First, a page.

In an exemplary embodiment, if the GFCI trip algorithm is disabled for a given installation, then the Stuck Relay fault will persist until power is turned off, instead of going to GFCI Imminent state. However, the “Hot” flag will still be set. Thus stuck relay detection will be usable on such an installation, even though GFCI tripping isn't available.
In an exemplary embodiment, if the GFCI trip algorithm is enabled but not yet “Passed,” a “Stuck Relay” fault will still try to trip the GFCI, in the expectation that trip circuit and algorithm are working. But if not working, a “GFCI Failed” fault will replace the “Stuck Relay” fault; however, the Hot flag will still be set. In an exemplary embodiment, a “GFCI Failed” condition has display priority over a “stuck” condition or a “hot” condition.
In an exemplary embodiment, if the spa powers up with the Hot flag set:
(i) if the spa powers up outside of a Test Mode, the controller system will immediately go into a “Hot” fault. After it goes into a “Hot” fault, and if the GFCI trip Algorithm is in the “Passed” state, it will go to “Imminent” State after 5 minutes.
(ii) if the GFCI trip Algorithm is not in the “Passed” state (presumably because it “Failed” or because it is “Disabled”), the algorithm will stay in the “Hot” fault until power down.
(iii) if the controller system powers up in the “Test” Mode, that will clear the “Hot” flag (thus the next power-up outside of Test Mode will be normal). In an exemplary embodiment, the spa controller system may be powered up in the Test mode by placing a DIP switch on the controller system board to a predetermined position, which in an exemplary embodiment will typically only be known to a qualified technician.
In an exemplary embodiment, freeze protection will be active during Stuck Relay faults and Hot faults. Freeze protection may be the automatic activation of water-stirring equipment (e.g. pumps, blowers, mister, etc.) when a temperature is detected, e.g. at some location in the water flow path, to be low enough that not activating the equipment would raise the danger of the plumbing freezing.
An exemplary main operational routine 700 illustrating the programmed operation of the microprocessor 402 is shown in
Aspects of an exemplary main program 704 are depicted in
Another function 704D performed by the main program in an exemplary embodiment is that of processing temperature sensor data received by function 704C. The processed temperature data is then processed further by a “stuck relay” temperature processing function 720. The main program 704 also performs a “stuck relay” counter analysis 730. Functions 720 and 730 are described more fully below.
Another function 704E performed during the main program in an exemplary embodiment is a processing conditions function, which processes various functions, one of which is a safety processing function 750, which is described more fully below.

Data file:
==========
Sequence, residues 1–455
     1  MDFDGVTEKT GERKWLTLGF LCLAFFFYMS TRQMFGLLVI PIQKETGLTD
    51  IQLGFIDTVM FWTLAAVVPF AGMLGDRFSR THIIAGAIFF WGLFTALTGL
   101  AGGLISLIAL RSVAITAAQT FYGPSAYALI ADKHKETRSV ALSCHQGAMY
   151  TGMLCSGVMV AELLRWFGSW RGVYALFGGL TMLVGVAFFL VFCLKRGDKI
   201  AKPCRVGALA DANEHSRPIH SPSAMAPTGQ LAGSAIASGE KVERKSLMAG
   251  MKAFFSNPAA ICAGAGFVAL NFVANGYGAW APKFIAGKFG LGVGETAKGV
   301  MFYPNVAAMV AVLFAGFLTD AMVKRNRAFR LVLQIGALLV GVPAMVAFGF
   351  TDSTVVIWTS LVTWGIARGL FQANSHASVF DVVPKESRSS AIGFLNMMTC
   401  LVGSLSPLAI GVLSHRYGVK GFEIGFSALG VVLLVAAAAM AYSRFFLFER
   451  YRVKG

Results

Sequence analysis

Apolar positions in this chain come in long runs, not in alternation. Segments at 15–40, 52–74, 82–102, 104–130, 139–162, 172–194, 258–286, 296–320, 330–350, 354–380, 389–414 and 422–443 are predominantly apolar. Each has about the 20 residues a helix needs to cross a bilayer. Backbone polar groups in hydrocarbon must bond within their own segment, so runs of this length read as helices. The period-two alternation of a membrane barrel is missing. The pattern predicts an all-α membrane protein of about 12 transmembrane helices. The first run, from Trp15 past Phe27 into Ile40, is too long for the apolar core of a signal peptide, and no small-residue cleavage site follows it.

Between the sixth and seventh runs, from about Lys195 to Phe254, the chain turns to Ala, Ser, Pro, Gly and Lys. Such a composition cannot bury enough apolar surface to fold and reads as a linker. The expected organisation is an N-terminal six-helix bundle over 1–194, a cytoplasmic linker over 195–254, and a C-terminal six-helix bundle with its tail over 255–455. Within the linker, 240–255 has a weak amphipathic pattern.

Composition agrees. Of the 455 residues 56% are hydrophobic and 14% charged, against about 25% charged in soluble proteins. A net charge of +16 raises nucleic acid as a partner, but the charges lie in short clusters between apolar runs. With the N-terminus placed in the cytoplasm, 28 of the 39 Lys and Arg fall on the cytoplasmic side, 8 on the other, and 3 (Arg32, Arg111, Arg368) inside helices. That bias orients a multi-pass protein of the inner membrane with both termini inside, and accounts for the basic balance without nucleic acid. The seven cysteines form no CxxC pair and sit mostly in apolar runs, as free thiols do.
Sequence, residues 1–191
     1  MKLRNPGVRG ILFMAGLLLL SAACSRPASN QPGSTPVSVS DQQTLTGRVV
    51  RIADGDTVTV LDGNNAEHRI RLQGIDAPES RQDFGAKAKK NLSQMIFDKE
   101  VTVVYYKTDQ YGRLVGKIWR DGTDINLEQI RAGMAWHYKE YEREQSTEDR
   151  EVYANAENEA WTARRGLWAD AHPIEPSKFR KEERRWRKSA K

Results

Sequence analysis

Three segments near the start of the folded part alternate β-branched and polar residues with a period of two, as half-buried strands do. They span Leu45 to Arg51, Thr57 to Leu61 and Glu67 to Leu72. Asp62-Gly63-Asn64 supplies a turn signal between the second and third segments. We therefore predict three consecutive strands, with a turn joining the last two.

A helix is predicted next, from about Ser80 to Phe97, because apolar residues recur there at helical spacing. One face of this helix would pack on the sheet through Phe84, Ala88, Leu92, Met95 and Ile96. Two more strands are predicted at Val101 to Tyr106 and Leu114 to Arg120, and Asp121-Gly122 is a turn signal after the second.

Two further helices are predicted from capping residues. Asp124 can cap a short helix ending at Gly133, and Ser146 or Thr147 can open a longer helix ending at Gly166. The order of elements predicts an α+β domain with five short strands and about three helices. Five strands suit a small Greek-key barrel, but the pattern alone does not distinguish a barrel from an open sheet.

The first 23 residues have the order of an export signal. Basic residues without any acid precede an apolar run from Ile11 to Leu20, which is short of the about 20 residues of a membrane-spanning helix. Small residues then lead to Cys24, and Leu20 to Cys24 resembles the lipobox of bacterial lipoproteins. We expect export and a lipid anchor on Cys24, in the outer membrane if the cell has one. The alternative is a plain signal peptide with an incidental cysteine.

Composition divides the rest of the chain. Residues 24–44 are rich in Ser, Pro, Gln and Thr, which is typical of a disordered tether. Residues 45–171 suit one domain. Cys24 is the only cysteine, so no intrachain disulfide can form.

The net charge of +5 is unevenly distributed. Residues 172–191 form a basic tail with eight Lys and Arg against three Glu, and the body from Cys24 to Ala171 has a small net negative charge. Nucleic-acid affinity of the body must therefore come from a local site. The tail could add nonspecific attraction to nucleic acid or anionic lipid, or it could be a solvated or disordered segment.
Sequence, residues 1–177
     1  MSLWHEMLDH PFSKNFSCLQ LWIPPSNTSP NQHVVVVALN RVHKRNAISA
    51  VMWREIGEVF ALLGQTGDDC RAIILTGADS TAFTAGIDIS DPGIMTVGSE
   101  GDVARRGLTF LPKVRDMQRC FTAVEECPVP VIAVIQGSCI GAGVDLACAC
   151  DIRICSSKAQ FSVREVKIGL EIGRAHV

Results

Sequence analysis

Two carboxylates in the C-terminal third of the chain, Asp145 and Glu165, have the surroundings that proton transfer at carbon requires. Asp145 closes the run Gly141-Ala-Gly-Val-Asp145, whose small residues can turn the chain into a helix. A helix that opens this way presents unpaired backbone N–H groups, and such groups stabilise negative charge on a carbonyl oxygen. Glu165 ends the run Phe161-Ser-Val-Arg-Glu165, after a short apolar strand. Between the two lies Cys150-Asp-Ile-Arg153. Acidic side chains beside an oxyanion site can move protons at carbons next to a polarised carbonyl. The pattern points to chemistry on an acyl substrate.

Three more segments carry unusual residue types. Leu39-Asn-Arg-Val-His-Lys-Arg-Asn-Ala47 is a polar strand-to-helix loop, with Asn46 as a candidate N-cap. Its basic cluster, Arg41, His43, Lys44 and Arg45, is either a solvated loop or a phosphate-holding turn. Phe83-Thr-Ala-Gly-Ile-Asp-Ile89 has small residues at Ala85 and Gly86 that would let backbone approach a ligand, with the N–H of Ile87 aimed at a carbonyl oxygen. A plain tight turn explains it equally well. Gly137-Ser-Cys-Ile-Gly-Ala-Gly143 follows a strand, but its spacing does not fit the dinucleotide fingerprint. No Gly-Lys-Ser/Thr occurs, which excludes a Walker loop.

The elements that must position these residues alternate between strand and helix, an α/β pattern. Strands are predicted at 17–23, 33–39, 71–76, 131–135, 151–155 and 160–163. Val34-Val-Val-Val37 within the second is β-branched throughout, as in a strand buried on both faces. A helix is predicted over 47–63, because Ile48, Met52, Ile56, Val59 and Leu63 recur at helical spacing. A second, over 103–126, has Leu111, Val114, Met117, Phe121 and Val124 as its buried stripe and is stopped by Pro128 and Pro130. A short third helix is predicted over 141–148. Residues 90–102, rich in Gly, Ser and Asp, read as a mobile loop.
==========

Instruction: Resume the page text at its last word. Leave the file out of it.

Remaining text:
Query 730-8 determines whether the counter has run for ten hours or more. If so, at 730-9, it is determined whether the water temperature has risen 3° F. or more since the stuck counter relay was at zero. If yes, operation proceeds to 730-13. If not operation proceeds to 730-10, where a query is answered as to whether the water temperature is equal to or greater than 116° F. If not, operation returns to 730-1. If yes, operation proceeds to 730-11, where the counter run duration is tested. If the counter has not been running for 5 hours or more, operation returns to 730-1. If the counter has been running for 5 hours or more, then at 730-12, it is determined whether the water temperature has risen 3° F. or more in the last five hours. If not, operation returns to 730-1. If yes, operation proceeds to 730-13, where the “stuck” condition is declared. At 730-14, a warning message is displayed on the panel display, e.g. “STU.” At 730-15, a “hot” bit or flag is set in nonvolatile memory. If the GFCI trip circuit function is enabled, the GFCI trip function 740 is performed (
An exemplary embodiment of a GFCI trip function 740 is depicted in
One exemplary algorithm for calculating a variable, virtually “random” time interval, is the following. 1. Start with the “tenths” value of the “absolute” time; the system has been counting time since power-up to a resolution of tenths of a second. 2. Multiply that value by 10. 3. Take the “seconds” of the “absolute” time and logically-AND that value with 8, then add the result to the result from step 2. 4. Add 1 to be sure the final value is non-zero. 5. The result at this point is the “random” number of tenths of a second.
The GFCI trip circuit and control algorithms may be used in other installations, e.g. a spa installation such as a permanently installed spa, or a portable spa installation, i.e. a spa installation which is not permanently affixed in a permanent fixture, or a bath.